Tony was well-liked by his brothers in blue and opened doors for me. I’d played nice to please Tony. Small talk, gossip, and bull crap weren’t my thing, but Tony said it’s what made a police department a well-oiled machine. Blah, blah, and blah. Tony was no longer around to keep me in the loop. Suii and his large, powerful jaws actually took me further out of the loop. And the point goes to my K9. I liked it this way.
The first day of my second week with Suii changed my attitude toward my new sidekick. I was headed to a woman’s house to interview her about her car being stolen the week before. We’d recovered the vehicle and discovered her son was the culprit. She’d withheld information about her son living with her and disappearing at the same time as the car. I was considering filing a felony complaint against her. There was nothing I hated more than wasted time and now that she didn’t want to press charges, my hours spent on the case were worthless. I would make my decision after giving her a chance to explain her actions.
I was around the corner from her home when a domestic-in-progress call came over the radio. I was familiar with the couple living at this address. With a small department, detectives backed up patrol officers from time to time. This particular husband and wife had small children who suffered because of the home violence. Several times we tried having them removed from the home, but so far neither child had bruises or showed outward psychological problems because of their parents’ behavior, so our efforts failed.
I pressed the button on my mic. “David Fourteen and Sixteen on scene, please send backup patrol.” Usually, I would never enter a domestic situation before backup arrived, but Suii changed things. I parked two houses down and grabbed my outer ballistic vest, tugged it over my head, and fastened the heavy-duty Velcro strips so it fit snuggly. It held a Taser, cuffs, rubber gloves, and a flashlight. I attached Suii’s leash and we headed to the front door. Suii growled at the same time I heard a woman scream. The children began screaming in the background too. I turned the knob on the front door and found it unlocked.
“Police,” I said as I opened the door with my gun pointed down. Daryl, the husband, had his wife on the floor beating the tar out of her and didn’t look up when I entered. The two kids were cowering at the edge of the hallway. Daryl lifted his arm and struck his wife in the face again. She’d stopped screaming at the first punch I witnessed, and I believed she was now unconscious.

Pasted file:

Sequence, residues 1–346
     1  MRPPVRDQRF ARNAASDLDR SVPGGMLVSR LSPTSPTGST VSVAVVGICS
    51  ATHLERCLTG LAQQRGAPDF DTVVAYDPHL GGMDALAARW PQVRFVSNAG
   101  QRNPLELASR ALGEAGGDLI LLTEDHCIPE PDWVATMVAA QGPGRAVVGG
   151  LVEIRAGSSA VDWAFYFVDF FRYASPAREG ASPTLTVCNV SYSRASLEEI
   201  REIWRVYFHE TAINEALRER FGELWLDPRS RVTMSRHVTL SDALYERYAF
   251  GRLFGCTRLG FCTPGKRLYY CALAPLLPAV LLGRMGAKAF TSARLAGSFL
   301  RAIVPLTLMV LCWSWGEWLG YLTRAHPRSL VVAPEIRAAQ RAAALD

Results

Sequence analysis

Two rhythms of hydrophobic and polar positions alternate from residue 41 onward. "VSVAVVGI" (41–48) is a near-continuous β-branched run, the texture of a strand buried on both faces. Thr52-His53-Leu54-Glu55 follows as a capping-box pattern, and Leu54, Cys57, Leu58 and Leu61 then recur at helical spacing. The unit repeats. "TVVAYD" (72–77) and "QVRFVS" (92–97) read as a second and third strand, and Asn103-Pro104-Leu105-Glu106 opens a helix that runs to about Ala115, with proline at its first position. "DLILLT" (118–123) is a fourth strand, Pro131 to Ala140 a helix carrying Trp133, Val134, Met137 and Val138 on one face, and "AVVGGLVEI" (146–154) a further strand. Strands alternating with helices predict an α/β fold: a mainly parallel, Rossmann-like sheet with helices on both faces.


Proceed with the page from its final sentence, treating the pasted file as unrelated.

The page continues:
“Back off,” I yelled at Daryl while pointing my gun in his direction. Suii’s growling continued but he obeyed my commands and didn’t pull on the leash while my gun was drawn. Daryl didn’t look at the gun though, he looked at Suii. The dog’s low growls had Daryl’s eyes opening wide. Then, stupid man that he was, he pulled his fist back again. “Fass,” I said as I dropped Suii’s lead.
One hundred and fifty pounds of muscle and teeth descended on Daryl. His scream was louder than the children’s. Suii tore him away from Melody.
“Stop moving and he’ll back off,” I yelled several times over the screaming. Daryl finally froze.
“Officer Franks behind you,” I heard over my shoulder.
“Call an ambulance,” I said as I walked to check on Melody. She blinked rapidly, obviously disoriented. “You with me, Mel?” I asked.
“The kids,” she said as she began crying.
“They’re safe.” I could still hear them crying. Melody slowly turned her head and saw Suii standing over her husband with Daryl’s bloody arm enclosed in the dog’s jaws.
“Call your dog off and I’ll cuff him,” Officer Franks said.
“Suii, aus.” Let go.
With another growl, Suii released Daryl and came to my side. I grabbed his lead. “We’ve got an ambulance on the way, Melody. Stay down so you don’t make your injuries worse. I’ll check on the kids.”
I turned and approached the children. I wasn’t thinking about the fear they must have for the big dog who just took down their father. Suii did, though. He slunk his huge body low and as close to the floor as he could get while crawling closer to the kids. Their large, terrified eyes never left the dog. I pulled back on Suii’s lead, but he crawled another foot and rolled to his back whining.
The older girl put her hand out and ran it over Suii’s belly. “He…he… hurt my mommm… mommy,” she cried with a trembling voice.
At first I thought she meant Suii, but then realized she meant her father. Before I could stop her, she threw her arms around Suii and practically climbed on top of him. Suii licked her tear-stained face as gently as if she was his baby. The other child, a two- or three-year-old boy, tentatively placed his hand out and rubbed a patch of Suii’s belly that wasn’t covered by his sister.